Similarly, more than a third of 18- to 24-year-olds have been more conscious of preserving their memories since the start of the pandemic.
A whopping 97 percent of all adults surveyed admitted they keep old photos tucked away in online cloud services – with the average person only returning to view old images once a month.
This is despite claiming that looking at old images makes them feel more positive (50 percent), calmer (24 percent) and loved (21 percent).
An additional third of people claim looking at past memories helps to brighten their day.
The research was commissioned by Fujifilm, which is encouraging people to unlock hidden memories trapped inside their cameras.
Daria Kuss, an Associate Psychologist at Nottingham Trent University, said: “The pandemic has undoubtedly affected the way we interact with technology, with more of us using it to support our everyday lives in various ways.
“This research shows that it’s the younger generation who feel most concerned about the effect of the pandemic on their memories, and so are using technology – specifically their phones – to capture and hoard images to help them preserve everyday moments.
“Photographs come with emotional ties and they can transport us back to a moment in time, which can have a positive impact on our mental wellbeing.
“Image hoarding doesn’t allow us to reap these benefits, though.
“Instead, I would recommend displaying photos around the house, and viewing the images you have stored regularly – as research has showed that looking at your photos makes you feel more positive, calmer and loved.”
While younger adults may be the worst culprits for image-hoarding, they’re not the only ones guilty of racking up pictures in their storage.
More than three-quarters of all those polled regularly use their smart phone to take pictures, with 77 percent agreeing it helps them capture life’s most important moments.
It also emerged women are far less likely to delete old photos than men, of which nearly a quarter claimed they have no problem deleting old pictures.
Men were also more likely to delete photos of pets, holidays, and photos of family and friends, when compared with the females surveyed.
Image hoarding also affects finances, with 12 percent of working adults confessing they’re spending up to £5 every month on additional phone storage to help make space on cluttered phones – a whopping £300 million spent annually.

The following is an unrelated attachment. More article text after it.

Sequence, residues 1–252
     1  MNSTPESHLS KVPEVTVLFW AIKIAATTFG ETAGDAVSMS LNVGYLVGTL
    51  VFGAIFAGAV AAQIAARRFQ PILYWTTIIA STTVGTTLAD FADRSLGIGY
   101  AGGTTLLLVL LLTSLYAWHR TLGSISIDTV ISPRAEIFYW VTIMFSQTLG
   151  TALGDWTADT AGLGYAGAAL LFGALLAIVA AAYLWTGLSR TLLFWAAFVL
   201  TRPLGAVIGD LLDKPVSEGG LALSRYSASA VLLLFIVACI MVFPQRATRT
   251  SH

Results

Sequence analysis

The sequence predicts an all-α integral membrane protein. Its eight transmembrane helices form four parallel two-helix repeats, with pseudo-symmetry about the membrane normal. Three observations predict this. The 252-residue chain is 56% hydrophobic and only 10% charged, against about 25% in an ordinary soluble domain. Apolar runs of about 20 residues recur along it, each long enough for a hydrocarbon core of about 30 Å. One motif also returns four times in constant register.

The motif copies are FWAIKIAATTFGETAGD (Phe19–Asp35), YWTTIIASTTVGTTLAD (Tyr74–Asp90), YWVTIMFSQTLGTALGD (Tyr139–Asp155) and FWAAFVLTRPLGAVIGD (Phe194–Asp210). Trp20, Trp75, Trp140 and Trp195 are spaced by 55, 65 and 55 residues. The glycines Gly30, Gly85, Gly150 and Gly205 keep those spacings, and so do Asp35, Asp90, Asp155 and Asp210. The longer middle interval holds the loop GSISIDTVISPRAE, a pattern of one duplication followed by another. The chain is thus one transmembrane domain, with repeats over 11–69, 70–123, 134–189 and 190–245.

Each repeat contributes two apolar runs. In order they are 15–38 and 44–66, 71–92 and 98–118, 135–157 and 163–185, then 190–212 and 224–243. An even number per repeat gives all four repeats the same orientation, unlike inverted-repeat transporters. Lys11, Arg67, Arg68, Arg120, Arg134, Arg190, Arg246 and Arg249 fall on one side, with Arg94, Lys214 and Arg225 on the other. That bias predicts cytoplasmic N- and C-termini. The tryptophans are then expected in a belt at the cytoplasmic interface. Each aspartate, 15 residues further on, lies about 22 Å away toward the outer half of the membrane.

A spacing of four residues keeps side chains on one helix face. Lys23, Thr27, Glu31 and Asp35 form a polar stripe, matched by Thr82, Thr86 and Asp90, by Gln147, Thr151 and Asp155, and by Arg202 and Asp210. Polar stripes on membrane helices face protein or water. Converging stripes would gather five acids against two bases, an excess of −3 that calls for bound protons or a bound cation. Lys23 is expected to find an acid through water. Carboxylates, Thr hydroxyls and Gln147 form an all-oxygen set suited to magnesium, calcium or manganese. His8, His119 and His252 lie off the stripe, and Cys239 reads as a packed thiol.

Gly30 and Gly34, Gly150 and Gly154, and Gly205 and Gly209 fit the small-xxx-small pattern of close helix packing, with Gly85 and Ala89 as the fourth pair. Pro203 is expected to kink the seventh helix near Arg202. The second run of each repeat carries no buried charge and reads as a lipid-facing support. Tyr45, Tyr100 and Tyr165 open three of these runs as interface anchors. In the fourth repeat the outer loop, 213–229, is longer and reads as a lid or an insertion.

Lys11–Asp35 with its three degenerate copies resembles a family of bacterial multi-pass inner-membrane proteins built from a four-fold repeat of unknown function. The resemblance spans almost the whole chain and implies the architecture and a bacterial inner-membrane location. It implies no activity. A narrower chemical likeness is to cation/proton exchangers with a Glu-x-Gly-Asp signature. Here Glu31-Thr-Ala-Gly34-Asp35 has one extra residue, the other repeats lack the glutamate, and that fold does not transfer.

Seven in ten adults also confessed to transferring old images onto new smartphone devices, without filtering or organising – adding to the country’s growing image hoarding problem.
The survey also revealed nearly one in five are storing photos that are at least a decade old – with those in East Anglia, London and the East Midlands the worst offenders, according to the OnePoll.com figures.
Theo Georghiades, general manager at Fujifilm, added: “We want to encourage everyone to live and re-live life’s best moments through photography, regardless of whether that’s on your smartphone, a digital or an instant camera.
“What our latest research shows is that, whilst we are pretty good at capturing our memories, we aren’t always that great at making the most of them afterwards, and are letting them sit forgotten for months and in some cases, for years on end.
“Our mission is to help everyone remember, and most importantly enjoy, those precious memories by unlocking them with printing.
“Not only is this a great and easy way to free up some storage on your smartphone, it also allows you to enjoy those sentimental snaps every single day – which we know from our research can have a positive impact on people’s mood and wellbeing.”
TOP 10 MOST COMMON PHOTOS STORED IN BRITISH PHONES:
- Random screenshots
- Work-related content
Published at Thu, 03 Mar 2022 09:43:40 +0000